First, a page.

The World Health Organization (WHO) estimates that, worldwide, dental caries affect about 2.4 billion people with permanent teeth and 486 million with deciduous teeth[8]. The Pan American Health Organization (PAHO) estimates that, in the region, caries affect more than 90% of children[9]. A continuous and slow onset of the pathology is highlighted[10], where the first clinical manifestation is a white spot[11] that can be reversed if there is an adequate diagnosis and early intervention[12].

The actions to control the lesion in these incipient stages are restricted to preventing its progression[13]. Strategies such as tooth brushing, the application of fluoride, and even the placement of pit and fissure sealants on occlusal surfaces of the posterior teeth[14],[15] have shown to be effective in avoiding invasive restorative procedures[16]. Other interventions could be considered with these treatments, such as the use of elements of the xylitol type, caseins, and chlorhexidine[17],[18].

The Ecuadorian population has a high prevalence of caries[19], and an increase in the Decayed, Missing, and Filled Teeth (DMFT) indexes has been evidenced in the epidemiological studies carried out as the age of the individuals increases[20]. In these studies, the population of the Galapagos Islands has not been considered, despite their location and characteristics. Likewise, there are no reports of national studies using the International Caries Detection Assessment System (ICDAS), which is currently considered a more sensitive and specific index[21],[22].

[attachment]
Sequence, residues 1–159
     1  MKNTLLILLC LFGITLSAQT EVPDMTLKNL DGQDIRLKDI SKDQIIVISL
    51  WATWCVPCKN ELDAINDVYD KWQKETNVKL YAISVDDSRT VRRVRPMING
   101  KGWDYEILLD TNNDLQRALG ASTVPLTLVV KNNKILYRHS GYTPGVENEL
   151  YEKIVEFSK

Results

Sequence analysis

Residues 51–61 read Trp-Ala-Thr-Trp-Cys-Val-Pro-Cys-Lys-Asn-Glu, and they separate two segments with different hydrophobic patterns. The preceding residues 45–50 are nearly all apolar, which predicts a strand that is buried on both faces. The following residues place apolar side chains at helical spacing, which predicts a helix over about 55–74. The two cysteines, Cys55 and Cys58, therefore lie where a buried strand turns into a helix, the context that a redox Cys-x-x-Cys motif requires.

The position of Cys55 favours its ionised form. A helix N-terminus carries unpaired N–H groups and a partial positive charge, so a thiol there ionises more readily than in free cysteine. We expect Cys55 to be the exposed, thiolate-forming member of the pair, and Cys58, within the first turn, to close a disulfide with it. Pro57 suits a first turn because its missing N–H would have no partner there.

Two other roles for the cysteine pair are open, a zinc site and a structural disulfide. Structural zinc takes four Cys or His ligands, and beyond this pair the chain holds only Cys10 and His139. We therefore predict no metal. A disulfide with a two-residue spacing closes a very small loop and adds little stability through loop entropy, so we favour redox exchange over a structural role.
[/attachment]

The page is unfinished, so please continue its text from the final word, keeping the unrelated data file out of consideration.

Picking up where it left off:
The objective of this protocol is to report the methodology to be applied in the Galapagos Oral Health Study (EESO-Gal) to determine the prevalence and incidence of dental caries and the presence of dental plaque, considering the development of activities associated with tooth brushing and fluoride varnish application to three to ten-year-old schoolchildren, in the Galapagos Islands.


The execution of a cohort study to determine the oral health status of children between three and ten years of age from San Cristobal, Santa Cruz, or Isabela islands, located in the Galapagos Archipelago, Ecuador, is proposed. Five visits will be made to determine the prevalence and incidence of caries and bacterial plaque. To calculate the sample size, the total school population of the Islands, 2 243 children, was taken into account. Through the Grandaria Mostral statistical program (GRANMO), a necessary sample of 837 individuals was estimated, with a confidence of 95% and an accuracy of +/- 3 percentage units, with a population percentage that is expected to be around 50%. It is anticipated that the percentage of necessary replacements will be 20%. In this way, the sample will be distributed in educational units on the islands of Santa Cruz, Isabela, and San Cristobal.

All children from all schools will receive an invitation to be part of the project. All students, whose parents express their acceptance by signing an informed consent, will be considered. Classification of participants by caries risk level, periodontal disease, plaque index or caries stage will not be done.